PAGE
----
I spotted Bonang sitting in a booth in the furthest corner of The Coffee Place. She was looking out of the window, wearing big sunglasses that covered half of her face.

“Sorry I’m late. I was with a new client. He thinks his builder is cheating him. It took longer than I thought it would,” I said, sitting down.

Bonang turned from the window but still didn’t take the sunglasses off.

“What’s up with the glasses? Are you hiding from the paparazzi?” I teased and then immediately felt horrible when she took the glasses off and I saw that she was crying. “What’s wrong? What’s happened? Is Jomo OK?”

“Jomo’s fine. He’s always fine; you know that!” Bonang snapped. I wondered why her husband being ‘fine’ was a bad thing. They’d only been married six months; they couldn’t be fighting already – could they?

“Then what? Why are you crying?” I said, surreptitiously looking at my watch. I had an appointment in thirty minutes and I knew Bonang. She could drag out discussing a broken nail for an hour. She needed to cut to the chase.

“It’s my life! Everything’s terrible!”

I tried not to roll my eyes or sigh. How could Bonang’s life be terrible? She was gorgeous, an up and coming model even, and married to the nicest guy in the world.

“Tell me what’s wrong.” As fast as possible please. I didn’t say that last bit, though, just wished it very, very hard.

“I think someone hates me. They’ve cursed me, Lola. They’ve bewitched me so that nothing goes right. Ever since the wedding all I’ve had is bad luck. One horrible thing after another!”

Then for the next hour she went over, I began to think, every single day since the wedding. Many of those I had seen her and I already knew all about. The washing machine broke, but then Jomo came home from work and realised the plug needed a new fuse. Then she made macaroni and cheese from a new recipe and it was nowhere as good as the one she usually made. And then, and then and then … a list of normal, everyday problems everyone has. But for Bonang it was all evidence that her world was crashing down around her head. And meanwhile I was very late for my appointment.

“And you know what the worst is, Lola … well, the two worst?”

“No, what?” I said as I swallowed the last bite of my brownie. The Coffee House had very good brownies – yum yum!

“First, I can’t get a modelling job anywhere.”

“Have you applied for any?”

“Not really, but they know me. Why is no-one calling?”

I think we all know Bonang is beautiful and has almost all of the attributes of a model, but we also know that she’s very clumsy. That situation hadn’t improved since she married.

“Maybe you should send your portfolio out. I’m sure you’ll get some jobs if you do.”

Bonang gave no indication that she had heard my advice. She went on, “And since I don’t have a career anymore, I thought fine, Jomo wants a baby. Let’s have a baby. But now you know what? I can’t get pregnant! I’m sure I’m infertile and Jomo will divorce me and marry that psycho, ring-stealing Kukie.”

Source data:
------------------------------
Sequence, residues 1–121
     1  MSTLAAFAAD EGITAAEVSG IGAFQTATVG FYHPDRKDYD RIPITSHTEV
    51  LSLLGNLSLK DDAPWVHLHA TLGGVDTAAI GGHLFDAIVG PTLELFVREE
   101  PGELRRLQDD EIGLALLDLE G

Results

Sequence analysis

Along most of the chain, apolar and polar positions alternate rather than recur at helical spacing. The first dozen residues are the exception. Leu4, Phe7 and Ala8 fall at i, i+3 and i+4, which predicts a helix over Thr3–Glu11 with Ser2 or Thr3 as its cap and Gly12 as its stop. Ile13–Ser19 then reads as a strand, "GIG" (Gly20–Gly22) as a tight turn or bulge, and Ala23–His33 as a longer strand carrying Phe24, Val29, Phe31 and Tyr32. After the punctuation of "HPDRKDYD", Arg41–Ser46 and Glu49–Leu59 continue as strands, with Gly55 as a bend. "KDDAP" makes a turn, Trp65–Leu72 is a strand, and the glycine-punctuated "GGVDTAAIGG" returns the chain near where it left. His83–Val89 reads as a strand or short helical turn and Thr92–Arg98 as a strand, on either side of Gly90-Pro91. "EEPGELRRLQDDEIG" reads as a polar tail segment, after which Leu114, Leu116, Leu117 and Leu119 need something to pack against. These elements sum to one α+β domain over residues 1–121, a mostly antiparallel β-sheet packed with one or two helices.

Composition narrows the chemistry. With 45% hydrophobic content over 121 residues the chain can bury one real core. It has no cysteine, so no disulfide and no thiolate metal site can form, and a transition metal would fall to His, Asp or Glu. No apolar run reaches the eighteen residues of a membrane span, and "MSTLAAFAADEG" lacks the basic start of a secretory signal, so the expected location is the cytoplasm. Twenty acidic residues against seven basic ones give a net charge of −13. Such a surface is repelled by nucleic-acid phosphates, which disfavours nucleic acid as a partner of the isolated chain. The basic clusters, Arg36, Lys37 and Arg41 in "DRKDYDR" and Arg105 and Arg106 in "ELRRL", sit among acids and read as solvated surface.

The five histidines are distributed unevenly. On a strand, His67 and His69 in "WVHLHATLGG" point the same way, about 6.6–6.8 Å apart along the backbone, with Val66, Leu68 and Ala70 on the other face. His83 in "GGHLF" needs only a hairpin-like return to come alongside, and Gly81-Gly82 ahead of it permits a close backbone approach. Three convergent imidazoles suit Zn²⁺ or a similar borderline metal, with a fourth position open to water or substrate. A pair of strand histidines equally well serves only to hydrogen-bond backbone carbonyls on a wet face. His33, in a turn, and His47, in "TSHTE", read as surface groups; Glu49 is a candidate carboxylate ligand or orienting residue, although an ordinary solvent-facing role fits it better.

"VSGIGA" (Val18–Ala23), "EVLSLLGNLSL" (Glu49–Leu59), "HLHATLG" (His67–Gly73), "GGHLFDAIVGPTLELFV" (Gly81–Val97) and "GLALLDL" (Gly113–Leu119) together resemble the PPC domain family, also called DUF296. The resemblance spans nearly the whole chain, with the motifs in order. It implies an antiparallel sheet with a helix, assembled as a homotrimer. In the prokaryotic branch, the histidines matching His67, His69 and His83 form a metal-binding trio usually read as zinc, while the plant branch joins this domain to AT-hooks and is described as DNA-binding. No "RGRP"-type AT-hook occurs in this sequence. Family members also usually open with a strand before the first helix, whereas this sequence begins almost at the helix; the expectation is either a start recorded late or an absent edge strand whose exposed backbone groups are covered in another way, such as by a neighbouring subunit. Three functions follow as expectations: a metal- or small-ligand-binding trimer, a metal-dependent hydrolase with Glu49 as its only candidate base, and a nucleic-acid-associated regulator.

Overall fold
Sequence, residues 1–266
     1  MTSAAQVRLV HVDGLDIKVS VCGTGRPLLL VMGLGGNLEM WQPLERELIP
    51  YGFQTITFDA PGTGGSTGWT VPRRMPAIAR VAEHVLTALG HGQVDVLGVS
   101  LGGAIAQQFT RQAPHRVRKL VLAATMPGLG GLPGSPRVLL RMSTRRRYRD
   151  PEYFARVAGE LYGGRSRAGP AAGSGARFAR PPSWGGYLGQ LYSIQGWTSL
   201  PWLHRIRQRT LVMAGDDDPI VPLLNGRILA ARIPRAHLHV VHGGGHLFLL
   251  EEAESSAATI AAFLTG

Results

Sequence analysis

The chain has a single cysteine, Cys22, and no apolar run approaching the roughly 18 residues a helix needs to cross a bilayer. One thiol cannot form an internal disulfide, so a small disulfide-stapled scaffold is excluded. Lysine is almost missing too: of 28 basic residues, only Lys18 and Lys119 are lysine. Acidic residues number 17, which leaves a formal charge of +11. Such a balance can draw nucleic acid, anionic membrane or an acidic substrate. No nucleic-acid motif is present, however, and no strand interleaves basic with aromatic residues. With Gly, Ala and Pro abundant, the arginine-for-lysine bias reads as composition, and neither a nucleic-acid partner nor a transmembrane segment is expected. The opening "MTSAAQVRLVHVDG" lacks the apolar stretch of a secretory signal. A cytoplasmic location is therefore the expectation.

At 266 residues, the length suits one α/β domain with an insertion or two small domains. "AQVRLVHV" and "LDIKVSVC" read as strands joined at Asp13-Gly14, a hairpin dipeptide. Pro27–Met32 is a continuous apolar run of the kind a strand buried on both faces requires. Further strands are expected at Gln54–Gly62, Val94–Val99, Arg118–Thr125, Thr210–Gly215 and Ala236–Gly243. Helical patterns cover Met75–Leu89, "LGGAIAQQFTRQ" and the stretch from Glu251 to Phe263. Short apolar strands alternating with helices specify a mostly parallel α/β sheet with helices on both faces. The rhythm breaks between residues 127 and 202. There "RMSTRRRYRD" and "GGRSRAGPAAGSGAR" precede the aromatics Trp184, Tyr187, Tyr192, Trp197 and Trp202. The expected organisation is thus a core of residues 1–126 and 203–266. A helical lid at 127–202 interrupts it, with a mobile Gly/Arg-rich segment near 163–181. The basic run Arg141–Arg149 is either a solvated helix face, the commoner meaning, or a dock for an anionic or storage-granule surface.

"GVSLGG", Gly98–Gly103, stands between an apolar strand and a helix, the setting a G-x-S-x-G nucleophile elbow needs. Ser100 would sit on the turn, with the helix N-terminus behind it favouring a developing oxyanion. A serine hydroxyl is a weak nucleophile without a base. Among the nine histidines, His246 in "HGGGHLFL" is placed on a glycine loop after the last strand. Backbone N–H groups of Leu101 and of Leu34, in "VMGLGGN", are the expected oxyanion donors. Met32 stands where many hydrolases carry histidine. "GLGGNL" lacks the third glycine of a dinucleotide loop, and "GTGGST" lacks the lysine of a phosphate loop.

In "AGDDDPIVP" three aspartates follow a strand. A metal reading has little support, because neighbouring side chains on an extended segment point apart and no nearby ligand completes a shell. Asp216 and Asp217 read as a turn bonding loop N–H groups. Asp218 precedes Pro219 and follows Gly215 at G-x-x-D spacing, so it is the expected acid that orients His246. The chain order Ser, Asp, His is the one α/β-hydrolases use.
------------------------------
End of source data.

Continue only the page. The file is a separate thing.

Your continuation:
She began crying again and I rubbed her hand. The last bit, about not being able to get pregnant was the only thing I thought might be a legitimate problem, but then there were all sorts of options if that was really the case.

“So have you been trying long?”

“Yes! Since Friday.”

“Friday? As in seven days ago?”

“Yes! Lola, do you see? Everything is horrible.”

I tried to be patient. Bonang was my oldest friend; it wasn’t like I hadn’t gone through all of this kind of drama a thousand times before.

It was just that now I had to postpone my appointment, which meant meeting the client later, when I had hoped to knock off early so I could get ready for my date. Gideon was coming from Joburg for the weekend. We’d been seeing each other off and on for about four months and it was difficult being in a long-distance relationship. I liked to make our time together special. My parents were away to a funeral for the weekend and Gideon was coming over for dinner. A dinner I was meant to have cooked, which likely couldn’t happen now because Bonang wasted my time with all of her non-problems.
Maybe that was what caused me to say the next thing which I regretted as soon as it came out of my mouth: “No-one and nothing except rodents get pregnant in a week! Bonang, you need to get some perspective. Some people have real problems and you’re not one of them.”

Her face fell and she looked at me as if I’d just killed her mother. She put her huge sunglasses back in place, grabbed her handbag, and swooshed out of The Coffee House without saying another word. I was in trouble. Big trouble.

I sat for a few minutes wondering if the ordeal I’d just gone through justified another brownie, and, sadly, I decided it didn’t and headed back to my office. I’d have to sort out the problem I had created. Bonang would need serious apologies. Maybe even a gift. I would need to add it to my list of things to do for tomorrow.


Tell us: Do you know someone like Bonang? A person who always sees problems that are really not there? How do you deal with them?